My memory goes fuzzy and fades out from there until what must have been on the same day and logic would say not long after I was tugging on my mother’s pant leg in the kitchen holding the book.
“Mama, I can read.” I tugged her at her leg.
“Uh huh” Mama’s reply.
I opened the book and began to haltingly read the words on the old musty pages. I can still see the opening lithograph of the bunny named, Uncle Wriggly.
I don’t know how much I read before Mama stopped me and took the book out of my hands then softly asked me to try reading from a new place. She had opened the book to the middle and pointed to a paragraph. I was annoyed, that’s not how stories work, you read from the beginning and I told her so. She laughed and asked me to try it anyway, so I did, I read a few lines stopping to ask how to say certain words, I don’t remember which ones, but I do recall the moment my mother walked slowly back from the stove and sat down on a chair. Her belly big with my brother inside obscuring the view of her face until she leaned towards me. “Oh Laurie, what am I going to do with you?”
This left me confused, I had felt excited and triumphant reading this book with few pictures, though I thought it should have more, and somehow my mama was upset.
The memory fades to black, and I know it’s a real memory because I asked my mother when I was a teenager if this odd fuzzy memory actually happened. She assured me the part in the kitchen was, me climbing up to grab the book had to have happened because she would not have handed my great grandfather’s book to a two-year-old.
It was this event that set my life path, because sometime shortly after Mama packed me into the red Volkswagen Bug and drove me to the Oregon City Library. I didn’t know what a Library was so remember nothing of the drive or even arrival until we were perhaps three steps into the descent into the Children’s Library which at that time was in the basement.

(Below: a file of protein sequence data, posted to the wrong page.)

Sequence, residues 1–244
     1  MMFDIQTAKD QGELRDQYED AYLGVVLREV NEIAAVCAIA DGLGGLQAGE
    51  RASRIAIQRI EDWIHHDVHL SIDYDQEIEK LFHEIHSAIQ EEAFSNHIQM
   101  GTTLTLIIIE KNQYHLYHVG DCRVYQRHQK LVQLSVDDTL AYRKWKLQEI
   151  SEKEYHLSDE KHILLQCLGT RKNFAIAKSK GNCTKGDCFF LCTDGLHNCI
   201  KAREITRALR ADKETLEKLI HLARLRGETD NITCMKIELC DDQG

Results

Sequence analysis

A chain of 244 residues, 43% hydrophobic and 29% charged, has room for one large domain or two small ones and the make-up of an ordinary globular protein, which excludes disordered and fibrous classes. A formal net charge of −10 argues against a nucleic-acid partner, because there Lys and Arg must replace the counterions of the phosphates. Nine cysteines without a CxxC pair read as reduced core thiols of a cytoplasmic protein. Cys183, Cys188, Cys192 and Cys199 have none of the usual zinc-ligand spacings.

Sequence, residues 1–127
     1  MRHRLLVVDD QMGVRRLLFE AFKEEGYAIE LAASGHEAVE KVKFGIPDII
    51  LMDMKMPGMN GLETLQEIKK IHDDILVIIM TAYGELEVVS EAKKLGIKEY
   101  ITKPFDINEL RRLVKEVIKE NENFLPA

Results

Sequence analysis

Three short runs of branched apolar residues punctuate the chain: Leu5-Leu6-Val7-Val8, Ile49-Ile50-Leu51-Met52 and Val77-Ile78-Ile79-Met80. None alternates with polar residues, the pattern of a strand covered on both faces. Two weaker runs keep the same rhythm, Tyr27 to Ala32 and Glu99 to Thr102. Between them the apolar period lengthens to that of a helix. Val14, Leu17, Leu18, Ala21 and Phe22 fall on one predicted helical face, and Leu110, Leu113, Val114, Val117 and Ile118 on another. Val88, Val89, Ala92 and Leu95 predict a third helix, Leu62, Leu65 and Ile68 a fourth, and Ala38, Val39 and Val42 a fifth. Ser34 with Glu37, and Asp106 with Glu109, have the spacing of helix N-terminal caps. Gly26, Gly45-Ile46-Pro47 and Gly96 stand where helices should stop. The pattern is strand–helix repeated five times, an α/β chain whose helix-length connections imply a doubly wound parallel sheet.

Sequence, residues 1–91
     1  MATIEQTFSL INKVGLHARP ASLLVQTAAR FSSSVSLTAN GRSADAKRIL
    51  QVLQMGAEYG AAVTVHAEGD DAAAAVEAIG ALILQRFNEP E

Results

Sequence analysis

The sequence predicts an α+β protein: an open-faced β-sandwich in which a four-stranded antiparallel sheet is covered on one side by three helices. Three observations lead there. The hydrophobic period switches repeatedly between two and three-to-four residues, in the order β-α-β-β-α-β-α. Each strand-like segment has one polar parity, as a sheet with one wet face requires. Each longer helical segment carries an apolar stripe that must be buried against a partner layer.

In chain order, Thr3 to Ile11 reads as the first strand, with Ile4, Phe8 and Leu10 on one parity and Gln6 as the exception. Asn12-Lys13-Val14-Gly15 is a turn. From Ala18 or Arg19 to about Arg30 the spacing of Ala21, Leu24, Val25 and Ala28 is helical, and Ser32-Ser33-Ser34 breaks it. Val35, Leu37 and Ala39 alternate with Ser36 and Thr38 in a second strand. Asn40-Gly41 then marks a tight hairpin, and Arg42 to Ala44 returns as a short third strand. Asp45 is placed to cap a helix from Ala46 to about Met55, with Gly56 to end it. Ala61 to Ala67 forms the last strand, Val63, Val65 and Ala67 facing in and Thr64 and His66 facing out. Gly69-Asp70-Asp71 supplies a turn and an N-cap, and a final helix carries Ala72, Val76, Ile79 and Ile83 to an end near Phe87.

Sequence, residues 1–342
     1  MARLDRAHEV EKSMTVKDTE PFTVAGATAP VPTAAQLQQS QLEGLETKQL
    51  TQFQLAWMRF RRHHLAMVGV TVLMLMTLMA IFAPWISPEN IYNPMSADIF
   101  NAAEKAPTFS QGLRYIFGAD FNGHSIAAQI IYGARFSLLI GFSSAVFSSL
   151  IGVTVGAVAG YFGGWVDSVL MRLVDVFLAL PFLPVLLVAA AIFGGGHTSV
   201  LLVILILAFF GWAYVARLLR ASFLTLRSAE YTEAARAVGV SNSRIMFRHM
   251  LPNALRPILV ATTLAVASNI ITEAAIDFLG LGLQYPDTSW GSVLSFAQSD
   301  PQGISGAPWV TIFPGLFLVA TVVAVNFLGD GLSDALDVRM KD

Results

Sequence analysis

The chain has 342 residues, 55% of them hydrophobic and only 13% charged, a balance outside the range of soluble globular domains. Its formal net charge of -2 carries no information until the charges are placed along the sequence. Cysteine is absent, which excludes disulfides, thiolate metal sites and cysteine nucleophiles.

Holding my pregnant mother’s hand we walked slowly down the steps and what I spied with my little brown eyes was branded into my brain. On the left was a big wooden counter, in full view were shelves packed with books. A feeling or knowing filled me, in this place was treasure.
Mama says she took me over to the librarian and explained that I could read and wasn’t sure what to do. The librarian handed me a book, something like a Dick and Jane book and asked me to read it, I did so easily and asked for more. Like a hungry waif, I devoured what I called baby books sitting on the tiny chairs at the table in the little kid section while mama and the librarian discussed the best routes for my education. It was that day that I first heard the word genius. We checked out five books and I had one finished by the time we reached our house in Oak Grove.
The rest were consumed in a day and I begged to go back to the library. Mama says we went three times a week because we could only check out five books on her card. I wanted my own card, these library cards were made of magic. Salmon pink card stock with a numbered metal plate, it was used to stamp the books check out. There was always ink left after the stamping and you could transfer it to your thumb if you moved quick enough.
The librarian said if I wanted my own card I had to be able to write my name. I was puzzled, write my name? I didn’t know how to write, it sounded hard. The carrot on the stick was that children got to check out ten books at a time, if I got my card I could check out even more than Mama. Determined to be able to have fifteen books to read a week I begged Mama for the library card.
It took six long months to learn to write my name. My brother was born which interrupted the process, brothers interrupt a whole lot of things when you’re almost three.
A hazy memory of sitting at the kitchen table with a handwriting tablet, a pencil too fat for my toddler’s chubby fingers, tongue between my teeth in concentration having finally formed my first name, L a u r i e. I had my last to write and I was tired, I was upset that I had two six letter names and asked why I couldn’t be named Bob or Mary.
I tried to write the capital R of my last name and made a mistake and threw the pencil, crying in frustration. I just wanted the library card, this writing thing was horrible. Mama told me I was done for the day and if I wrote my name the next day we’d get the card if I didn’t throw a fit.